“This is your own reflection,” said the owner. “Wherever you will go, he will come along with you. If you want to get rid of him, there is only one thing you can do: you must wash yourself and cut your own hair and nails, and then you will see a different person accompanying you wherever you go.” He took him to a washroom and showed him how to take a bath. He gave him clean clothes to wear and helped him cut his overgrown hair and nails. After this transformation, he took him back to the mirror and showed him his new reflection.
“The same pertains to all of us,” explains the Baal Shem Tov. “Whatever you see in others is truly something you can find in yourself. If you notice sins in others, it is a reflection of your own deeds. If you would be clean and pure, you would see only beauty and purity in others.”
We can now understand the issue between Yosef and his brothers. When Yosef noticed the wrongdoings that his brothers committed, he had no intention of speaking lashon hara about them to his father. Rather, he came to Yakov for guidance as to how to improve himself in those very aspects where he noticed faults in others. He understood that if he noticed these wrongdoings it is an indication that he too falls short in those same areas, and so he wanted to ask his father how he could improve. This is why Yakov loved Yosef after hearing these reports, because he saw how much Yosef wanted to grow and correct his actions. “And Yisroel loved Yosef more” because he learned “from all of his brothers.”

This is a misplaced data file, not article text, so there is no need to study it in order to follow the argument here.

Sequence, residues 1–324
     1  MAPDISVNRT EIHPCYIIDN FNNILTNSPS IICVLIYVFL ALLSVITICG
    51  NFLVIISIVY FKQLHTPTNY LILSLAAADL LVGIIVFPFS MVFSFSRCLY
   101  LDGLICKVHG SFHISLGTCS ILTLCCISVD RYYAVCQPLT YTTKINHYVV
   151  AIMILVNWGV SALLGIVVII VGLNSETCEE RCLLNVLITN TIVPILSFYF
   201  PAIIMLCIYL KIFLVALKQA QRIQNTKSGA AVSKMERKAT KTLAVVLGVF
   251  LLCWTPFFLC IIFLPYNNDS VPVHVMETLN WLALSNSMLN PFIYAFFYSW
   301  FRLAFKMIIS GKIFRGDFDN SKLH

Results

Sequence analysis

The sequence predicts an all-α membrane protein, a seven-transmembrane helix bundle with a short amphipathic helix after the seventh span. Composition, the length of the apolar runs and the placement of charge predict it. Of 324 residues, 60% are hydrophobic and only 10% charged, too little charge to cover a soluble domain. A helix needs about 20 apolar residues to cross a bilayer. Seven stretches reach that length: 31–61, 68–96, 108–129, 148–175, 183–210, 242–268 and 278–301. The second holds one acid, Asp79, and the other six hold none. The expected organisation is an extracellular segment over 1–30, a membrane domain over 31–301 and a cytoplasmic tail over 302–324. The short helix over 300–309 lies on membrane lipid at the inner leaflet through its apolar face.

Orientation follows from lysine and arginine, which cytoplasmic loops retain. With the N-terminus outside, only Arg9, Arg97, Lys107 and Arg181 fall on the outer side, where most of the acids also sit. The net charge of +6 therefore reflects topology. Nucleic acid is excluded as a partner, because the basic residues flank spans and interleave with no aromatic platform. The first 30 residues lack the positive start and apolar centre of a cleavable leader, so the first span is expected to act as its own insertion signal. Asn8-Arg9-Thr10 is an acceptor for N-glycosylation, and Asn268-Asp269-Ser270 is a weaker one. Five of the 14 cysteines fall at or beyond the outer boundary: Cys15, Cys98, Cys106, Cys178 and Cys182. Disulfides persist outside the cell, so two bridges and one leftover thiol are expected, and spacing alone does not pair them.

This is why the brothers despised Yosef. They saw that Yakov’s love for him was due to his fault-finding, in others as in himself. “How come Yosef only sees our shortcomings?” they said. “It must be because he is not fully righteous and therefore he notices so many faults in others. Had he been righteous, he would have seen only the good in us.” And therefore, the brothers despised Yosef because they considered him to be sinful.
The contention between the holy brothers was what ultimately led to our exile in Egypt. If we will wipe out strife and baseless hatred, we will hasten the Geulah Sheleima, Amein.